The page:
Self-Help International

Self-Help International (SHI) devotes its efforts to alleviating world hunger and poverty by providing opportunities to rural citizens that ultimately lead to self-reliance. Since its inception, Self-Help has served as a vessel; training, education, and opportunities are provided to rural citizens and whole communities in developing countries so that they can have better lives. MISSION STATEMENT: To alleviate hunger by helping people help themselves. SELF-HELP'S INITIATIVE Educate: We educate the people of the United States to understand the problems of life in developing countries particularly the awareness of the perpetual struggle by millions to produce and distribute food to battle p...
Jan 6, 2015

Fankamawe opens a school

Sugar, cups, spoons, baskets from SHI
Sugar, cups, spoons, baskets from SHI

Fankamawe, a rural community in Ghana has no electricity or pipe borne water. There is one bore hole serving the entire community of 300 people. They are predominantly farmers and the women do palm oil processing to earn additional income for their family upkeep.

Fankamawe is 4 km (about 2.5 miles) from the district capital, Nkawie. The road to the community is not tarred and very dusty, especially, in the dry season. There are no vehicles plying this road regularly so people trek to get basic supplies from the capital. It has no school and children must travel 8 km (about 5 miles) daily to and from school in Nkawie. It is difficult for children under six years of age to trek this far to school and as a result they stay at home all day and this deny their mothers the much needed time to focus on their jobs. The children play most of the time in a dusty environment; a condition conducive for worm infestation.

A school being built by the government for the community is taking much longer than expected to complete. A three-classroom block started by the government in 2009 is not finished and it does not look like it will be done anytime soon.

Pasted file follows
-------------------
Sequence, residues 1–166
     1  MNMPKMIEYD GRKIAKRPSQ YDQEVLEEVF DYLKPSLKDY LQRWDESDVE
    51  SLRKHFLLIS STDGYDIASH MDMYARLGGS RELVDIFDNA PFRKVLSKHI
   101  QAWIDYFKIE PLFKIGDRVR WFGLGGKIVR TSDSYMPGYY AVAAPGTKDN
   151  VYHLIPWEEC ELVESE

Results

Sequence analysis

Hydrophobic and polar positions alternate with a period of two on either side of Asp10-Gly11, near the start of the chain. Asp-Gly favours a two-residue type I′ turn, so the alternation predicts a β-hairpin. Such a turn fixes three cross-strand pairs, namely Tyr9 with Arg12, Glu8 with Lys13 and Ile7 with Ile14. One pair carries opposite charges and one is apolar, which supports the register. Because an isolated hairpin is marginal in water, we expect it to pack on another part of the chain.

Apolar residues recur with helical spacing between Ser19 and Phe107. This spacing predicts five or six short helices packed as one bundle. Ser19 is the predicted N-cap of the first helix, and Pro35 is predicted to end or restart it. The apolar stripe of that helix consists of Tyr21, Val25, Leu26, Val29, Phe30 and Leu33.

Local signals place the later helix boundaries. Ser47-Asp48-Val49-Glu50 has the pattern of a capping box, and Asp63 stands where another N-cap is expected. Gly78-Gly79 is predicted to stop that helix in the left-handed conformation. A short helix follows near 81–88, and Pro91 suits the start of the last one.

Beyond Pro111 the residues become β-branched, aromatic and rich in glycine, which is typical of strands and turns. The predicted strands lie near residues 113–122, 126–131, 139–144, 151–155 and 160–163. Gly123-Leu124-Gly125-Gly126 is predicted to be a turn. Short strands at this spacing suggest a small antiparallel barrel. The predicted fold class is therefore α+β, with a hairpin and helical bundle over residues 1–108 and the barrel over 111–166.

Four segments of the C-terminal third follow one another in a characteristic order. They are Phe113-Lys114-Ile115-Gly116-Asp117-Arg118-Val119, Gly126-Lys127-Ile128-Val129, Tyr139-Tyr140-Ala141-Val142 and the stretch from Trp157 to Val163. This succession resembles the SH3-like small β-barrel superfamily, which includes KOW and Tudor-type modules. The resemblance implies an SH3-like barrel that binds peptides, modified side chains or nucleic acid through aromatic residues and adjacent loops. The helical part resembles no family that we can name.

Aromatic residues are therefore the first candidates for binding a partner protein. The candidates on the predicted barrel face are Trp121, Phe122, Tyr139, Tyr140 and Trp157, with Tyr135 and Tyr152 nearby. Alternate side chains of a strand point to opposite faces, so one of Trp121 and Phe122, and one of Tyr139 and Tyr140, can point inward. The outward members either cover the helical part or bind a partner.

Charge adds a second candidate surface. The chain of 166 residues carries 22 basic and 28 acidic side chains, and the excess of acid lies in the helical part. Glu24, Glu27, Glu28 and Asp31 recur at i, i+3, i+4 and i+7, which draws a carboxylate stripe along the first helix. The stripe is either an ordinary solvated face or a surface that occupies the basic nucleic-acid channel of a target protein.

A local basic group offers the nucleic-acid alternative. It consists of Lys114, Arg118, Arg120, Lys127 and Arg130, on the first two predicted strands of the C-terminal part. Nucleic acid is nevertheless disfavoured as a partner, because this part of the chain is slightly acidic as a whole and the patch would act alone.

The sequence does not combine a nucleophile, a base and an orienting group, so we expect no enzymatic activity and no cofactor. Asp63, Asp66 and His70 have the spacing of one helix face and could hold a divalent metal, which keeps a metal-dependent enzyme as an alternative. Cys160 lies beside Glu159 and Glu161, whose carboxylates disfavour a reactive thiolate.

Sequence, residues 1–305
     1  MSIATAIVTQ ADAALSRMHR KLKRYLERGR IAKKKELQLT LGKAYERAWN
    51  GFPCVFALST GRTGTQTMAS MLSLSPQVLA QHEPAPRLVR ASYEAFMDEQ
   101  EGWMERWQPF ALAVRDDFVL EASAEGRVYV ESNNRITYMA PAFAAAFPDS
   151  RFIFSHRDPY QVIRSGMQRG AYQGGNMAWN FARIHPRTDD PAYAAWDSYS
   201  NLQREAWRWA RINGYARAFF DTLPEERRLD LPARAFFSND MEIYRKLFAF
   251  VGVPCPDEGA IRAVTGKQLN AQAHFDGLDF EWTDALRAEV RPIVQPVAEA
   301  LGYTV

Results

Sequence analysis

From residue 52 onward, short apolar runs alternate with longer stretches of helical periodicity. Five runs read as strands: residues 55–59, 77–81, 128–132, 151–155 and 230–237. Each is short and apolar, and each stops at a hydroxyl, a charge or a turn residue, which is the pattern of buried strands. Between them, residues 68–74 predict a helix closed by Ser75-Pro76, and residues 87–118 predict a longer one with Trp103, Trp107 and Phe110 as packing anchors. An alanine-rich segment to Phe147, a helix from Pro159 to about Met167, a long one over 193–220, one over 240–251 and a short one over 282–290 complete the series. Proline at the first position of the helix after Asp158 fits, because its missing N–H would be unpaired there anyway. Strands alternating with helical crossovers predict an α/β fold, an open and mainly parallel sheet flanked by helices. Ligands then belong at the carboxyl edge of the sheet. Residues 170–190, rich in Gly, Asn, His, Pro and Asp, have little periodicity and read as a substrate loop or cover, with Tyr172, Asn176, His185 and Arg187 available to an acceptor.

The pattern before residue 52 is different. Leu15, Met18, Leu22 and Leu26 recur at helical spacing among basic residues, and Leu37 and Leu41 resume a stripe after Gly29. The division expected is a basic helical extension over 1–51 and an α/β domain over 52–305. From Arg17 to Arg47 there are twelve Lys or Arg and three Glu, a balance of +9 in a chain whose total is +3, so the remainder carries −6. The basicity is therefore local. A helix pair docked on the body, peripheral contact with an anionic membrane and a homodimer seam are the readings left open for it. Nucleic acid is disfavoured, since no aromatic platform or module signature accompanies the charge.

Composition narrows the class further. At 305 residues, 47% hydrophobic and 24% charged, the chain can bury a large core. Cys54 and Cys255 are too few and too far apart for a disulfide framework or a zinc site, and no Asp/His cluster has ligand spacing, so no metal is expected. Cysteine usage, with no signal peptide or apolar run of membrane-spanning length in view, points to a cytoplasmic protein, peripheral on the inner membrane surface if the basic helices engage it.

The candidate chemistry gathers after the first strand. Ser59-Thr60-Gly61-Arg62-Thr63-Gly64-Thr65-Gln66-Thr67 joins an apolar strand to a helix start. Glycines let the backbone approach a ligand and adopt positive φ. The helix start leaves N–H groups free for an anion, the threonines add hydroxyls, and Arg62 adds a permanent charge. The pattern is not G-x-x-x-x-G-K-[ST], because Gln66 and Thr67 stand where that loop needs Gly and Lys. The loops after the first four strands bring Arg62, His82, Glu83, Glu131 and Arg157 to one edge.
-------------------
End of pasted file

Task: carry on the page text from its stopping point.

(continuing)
In February 2014, Self-Help International (SHI) staff visited Fankamawe and discussed challenges confronting the people and possible remedial measures. After subsequent visits and discussions, Fankamawe now has a school for the children under six years of age in the community. There are three female volunteers on whose shoulders the school rests; Alima, Zuwera and Safinatu. Zuwera is the teacher while Alima and Safinatu are the caterers. It is worth noting that the response by the community to start a school that would provide breakfast for the children every morning was unprecedented. Almost instantly they provided maize needed to feed the children for a whole school term.

The QPM breakfast is attracting children from neighboring villages and school enrollment is increasing progressively. Enrollment has increased from 28 pupils on Nov. 3, 2014 to 35 on Dec. 17, 2014.

As the children continue to attend and stay in school, they acquire knowledge, stay healthier, and their parents have ample time to focus on their jobs raising the necessary income for proper care of their families.

Your donations, which brought the school feeding program to Fankamawe, have made the difference in encouraging this community to better invest in their children. Thank you for your ongoing support!

Pupils attend classes in the incomplete building
Pupils attend classes in the incomplete building
Maize supplied by the community
Maize supplied by the community
One of the community meetings at Fankamawe
One of the community meetings at Fankamawe
Zuwera serving children breakfast
Zuwera serving children breakfast


Dec 4, 2014

Training Center includes youth in programs

Youth are given lessons in making funeral wreaths
Youth are given lessons in making funeral wreaths

Self-Help International is expanding its training program to include youth beneficiaries.
The Fred Strohbehn Training Center in Nicaragua is now involving children in training programs. The youth are children, nieces, nephews, and/or grandchildren of women beneficiaries in either the micro-credit program or participants in the training center program. Children can start learning useful skills for personal growth and to contribute economically to their families.
Thus far, 86 children have participated in the program, and Self-Help staff aims to involve 100 children by the end of the year.